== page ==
By: Fred S. Roberts
Reviewing risk assessment to scenarios of terrorist attacks on critical infrastructure including U.S. sporting venues and the international maritime transportation system. Fred Roberts notes that these assessments traditionally treat physical and cyber attacks separately and are inappropriate for considering the risk of combined attacks that include both a physical and cyber component. He proposes a framework informed by expert judgement to determine whether an attacker would likely prefer executing a combined or traditional physical attack on a given target.

Journal of Benefit-Cost Analysis logo

Nuclear War as a Global Catastrophic Risk

September 17, 2019

By: James Scouras
James Scouras identifies nuclear war as a global catastrophic risk and suggests that multidisciplinary studies that combine insights from "historical case studies, expert elicitation, probabilistic risk assessment, complex systems theory, and other disciplines" can address many of the shortcomings of single analytic approaches. He suggests that experts can address current gaps in their assessments of the consequences of nuclear weapons by further investigating understudied phenomena (e.g., the effects of electromagnetic pulses, nuclear winter, the prolonged effects of radiation).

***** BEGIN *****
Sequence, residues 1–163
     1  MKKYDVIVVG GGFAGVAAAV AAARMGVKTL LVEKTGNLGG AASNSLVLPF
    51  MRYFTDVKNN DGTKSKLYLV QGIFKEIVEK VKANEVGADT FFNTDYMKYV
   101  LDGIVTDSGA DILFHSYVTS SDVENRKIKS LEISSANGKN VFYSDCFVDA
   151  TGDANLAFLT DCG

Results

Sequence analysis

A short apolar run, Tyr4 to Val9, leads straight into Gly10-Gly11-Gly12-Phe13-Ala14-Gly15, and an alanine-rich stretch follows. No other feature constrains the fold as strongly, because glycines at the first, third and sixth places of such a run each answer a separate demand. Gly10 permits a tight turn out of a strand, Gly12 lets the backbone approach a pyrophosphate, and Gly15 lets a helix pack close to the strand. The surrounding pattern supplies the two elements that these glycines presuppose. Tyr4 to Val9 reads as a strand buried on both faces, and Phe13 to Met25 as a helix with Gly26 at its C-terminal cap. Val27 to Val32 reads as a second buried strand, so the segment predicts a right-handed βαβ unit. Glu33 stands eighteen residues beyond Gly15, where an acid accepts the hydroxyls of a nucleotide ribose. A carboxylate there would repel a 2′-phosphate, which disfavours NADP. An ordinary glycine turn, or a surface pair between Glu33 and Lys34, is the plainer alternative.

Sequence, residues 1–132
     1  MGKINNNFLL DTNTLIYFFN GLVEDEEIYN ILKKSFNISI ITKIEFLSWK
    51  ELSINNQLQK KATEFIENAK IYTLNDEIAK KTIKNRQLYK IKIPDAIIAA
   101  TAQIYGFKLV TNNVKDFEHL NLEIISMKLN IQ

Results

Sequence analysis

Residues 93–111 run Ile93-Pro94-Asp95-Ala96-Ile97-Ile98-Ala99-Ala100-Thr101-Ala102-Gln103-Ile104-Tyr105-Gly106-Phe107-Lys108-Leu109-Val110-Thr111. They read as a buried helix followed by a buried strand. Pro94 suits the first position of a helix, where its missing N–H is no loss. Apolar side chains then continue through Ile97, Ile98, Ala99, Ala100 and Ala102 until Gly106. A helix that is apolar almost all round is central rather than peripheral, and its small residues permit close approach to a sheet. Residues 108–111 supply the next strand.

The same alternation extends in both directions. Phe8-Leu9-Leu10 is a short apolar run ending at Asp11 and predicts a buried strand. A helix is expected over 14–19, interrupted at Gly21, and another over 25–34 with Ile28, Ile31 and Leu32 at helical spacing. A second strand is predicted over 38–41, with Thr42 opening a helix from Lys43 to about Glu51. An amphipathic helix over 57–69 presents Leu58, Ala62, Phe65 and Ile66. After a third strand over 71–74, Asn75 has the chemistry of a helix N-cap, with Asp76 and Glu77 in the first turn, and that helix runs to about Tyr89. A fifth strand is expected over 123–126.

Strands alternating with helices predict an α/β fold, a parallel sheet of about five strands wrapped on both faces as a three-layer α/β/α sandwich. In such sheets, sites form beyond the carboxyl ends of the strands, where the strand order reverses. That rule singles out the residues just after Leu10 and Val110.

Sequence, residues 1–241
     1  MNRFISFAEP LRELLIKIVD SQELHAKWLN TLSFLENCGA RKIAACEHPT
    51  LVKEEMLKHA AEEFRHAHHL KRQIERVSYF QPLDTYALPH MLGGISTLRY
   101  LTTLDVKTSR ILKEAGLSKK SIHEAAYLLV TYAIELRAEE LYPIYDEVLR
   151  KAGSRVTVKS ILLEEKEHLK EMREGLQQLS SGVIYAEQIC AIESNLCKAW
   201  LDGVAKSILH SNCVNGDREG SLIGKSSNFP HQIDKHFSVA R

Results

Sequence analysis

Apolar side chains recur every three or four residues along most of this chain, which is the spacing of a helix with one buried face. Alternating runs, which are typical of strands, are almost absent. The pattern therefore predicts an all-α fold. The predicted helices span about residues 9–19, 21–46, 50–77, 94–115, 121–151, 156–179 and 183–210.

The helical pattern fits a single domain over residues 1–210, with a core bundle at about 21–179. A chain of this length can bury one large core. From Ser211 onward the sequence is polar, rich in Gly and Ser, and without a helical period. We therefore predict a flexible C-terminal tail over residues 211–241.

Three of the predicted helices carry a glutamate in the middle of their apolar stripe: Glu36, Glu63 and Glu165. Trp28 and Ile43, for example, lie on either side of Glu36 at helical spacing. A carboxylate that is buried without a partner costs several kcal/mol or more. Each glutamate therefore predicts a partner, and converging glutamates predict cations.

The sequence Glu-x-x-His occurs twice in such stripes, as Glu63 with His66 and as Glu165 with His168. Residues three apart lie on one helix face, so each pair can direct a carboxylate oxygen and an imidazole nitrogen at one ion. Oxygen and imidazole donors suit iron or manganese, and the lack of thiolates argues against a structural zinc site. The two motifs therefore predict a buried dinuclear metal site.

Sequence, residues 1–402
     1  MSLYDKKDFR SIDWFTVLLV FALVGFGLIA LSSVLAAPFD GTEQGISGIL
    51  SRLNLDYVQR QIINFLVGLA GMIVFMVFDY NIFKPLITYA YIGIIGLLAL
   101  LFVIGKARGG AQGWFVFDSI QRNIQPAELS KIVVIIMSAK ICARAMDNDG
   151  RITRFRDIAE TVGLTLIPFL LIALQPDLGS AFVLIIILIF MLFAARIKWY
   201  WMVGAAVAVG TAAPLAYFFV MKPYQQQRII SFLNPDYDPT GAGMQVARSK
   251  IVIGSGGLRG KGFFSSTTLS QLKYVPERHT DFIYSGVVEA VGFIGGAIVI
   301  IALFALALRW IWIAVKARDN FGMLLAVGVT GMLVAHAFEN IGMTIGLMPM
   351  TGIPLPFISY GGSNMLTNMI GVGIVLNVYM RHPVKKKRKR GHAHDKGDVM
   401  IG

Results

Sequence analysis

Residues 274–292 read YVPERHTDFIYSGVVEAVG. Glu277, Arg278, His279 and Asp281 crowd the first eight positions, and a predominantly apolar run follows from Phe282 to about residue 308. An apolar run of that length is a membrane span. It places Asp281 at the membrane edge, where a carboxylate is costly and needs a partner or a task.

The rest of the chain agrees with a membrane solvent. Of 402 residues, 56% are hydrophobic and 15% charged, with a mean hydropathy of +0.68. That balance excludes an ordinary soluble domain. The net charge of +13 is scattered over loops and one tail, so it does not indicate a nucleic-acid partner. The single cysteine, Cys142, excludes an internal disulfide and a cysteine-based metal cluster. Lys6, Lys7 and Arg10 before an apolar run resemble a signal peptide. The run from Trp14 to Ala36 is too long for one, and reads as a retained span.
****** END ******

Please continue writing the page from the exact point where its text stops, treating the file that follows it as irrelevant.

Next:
Journal of Benefit-Cost Analysis logo

Responsible Precautions for Uncertain Environmental Risks

September 17, 2019

By: W. Kip Viscusi, Joel Huber, & Jason Bell
Elaborating on best practices for decisionmakers facing low probability, high consequence hazards. Viscusi, Huber, and Bell point out that these uncertain risks create incentives to pursue suboptimal policy approaches that potentially over commit public resources to less consequential hazards.

Photo of Jerry Ellig and Richard Williams

David Versus Godzilla: Bigger Stones

September 12, 2019

By: Jerry Ellig & Richard Williams
For nearly four decades, U.S. presidents have issued executive orders requiring agencies to conduct comprehensive regulatory impact analysis (RIA) for significant regulations to ensure that regulatory decisions solve social problems in a cost-beneficial manner. Yet experience demonstrates that agency RIAs often fail to live up to the standards enunciated in executive orders and OMB guidance. We suggest four managerial changes that could increase OIRA’s leverage.